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Monday, November 25, 2013

Tonight at Powell's: Surfing Journalist Chas Smith

Posted by Alison Hallett on Mon, Nov 25, 2013 at 1:59 PM

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(Reader Ryan Gratzer provided this writeup of tonight's Powell's reading from Chas Smith-ed.)

Each winter, the pro surfing world descends upon its Mecca. Known as the the Seven Mile Miracle, Oahu's North Shore is on the surface a pastoral stretch of tropical countryside—farms, '70s ranch houses falling into the ocean, only one beachfront resort—with some of the world's most pristine spinning tubes just off shore. The unforgiving waves are a proving ground for top pros and up-and-coming groms. Three contests, making up the Triple Crown of Surfing, are held back to back directly in front of surf industry-owned beachfront homes. But while the visiting surfers, sponsors, journalists, photographers, and Lindsay Lohans kick back on the sand with their mai tais, behind the scenes roams a local racketeering enforcement squad. Sure, it's true that Da Hui, once a feared band of thugs, is now a respected lifeguard/security service with a clothing brand that hangs perfectly next to your "Old Guys Rule" t-shirt collection. But stories of theft, drugs, and thuggery still ooze to the surface now and then.
Chas Smith, after being captured by Hezbollah while serving as a war correspondent for Vice, decided to bail on the Middle East and shift his attention to the surf world. Superficial, neurotic, and a bit of a loner, Smith (a native Oregonian) has a propensity for kicking up dirt and pissing people off. To him, every pro surfer is a terrible dresser with a beautiful body and a boring personality. In the homogenous, sponsor-friendly world of surf journalism, his unfiltered exposés in Stab Magazine have earned him the ire of nearly everyone. In his first book, Welcome to Paradise, Now Go To Hell: A True Story of Violence, Corruption, and the Soul of Surfing, he sheds light on the multibillion dollar industry that, for a few months out of the year, is beholden to a lawless goonsquad in the middle of paradise. Smith's frenetic, hyperbolic style can at times leave the reader wondering how much of the story is constructed by his desperation to unearth a seedy, corrupt underbelly. But the rest of the time it simply makes for entertaining, refreshing reading.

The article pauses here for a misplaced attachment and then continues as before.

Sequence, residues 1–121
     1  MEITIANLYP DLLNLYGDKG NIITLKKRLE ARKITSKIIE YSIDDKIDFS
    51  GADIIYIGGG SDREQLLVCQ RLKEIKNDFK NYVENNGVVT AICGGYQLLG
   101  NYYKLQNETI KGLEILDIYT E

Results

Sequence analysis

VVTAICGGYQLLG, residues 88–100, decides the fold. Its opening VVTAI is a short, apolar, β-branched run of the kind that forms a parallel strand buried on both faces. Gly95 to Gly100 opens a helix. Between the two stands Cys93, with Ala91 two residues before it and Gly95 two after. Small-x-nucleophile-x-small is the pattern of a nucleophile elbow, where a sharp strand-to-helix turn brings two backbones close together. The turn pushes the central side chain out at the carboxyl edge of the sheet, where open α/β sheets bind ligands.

He'll read from his book tonight at Powell's City of Books, 1005 W Burnside, 7:30 pm.

-Ryan Gratzer

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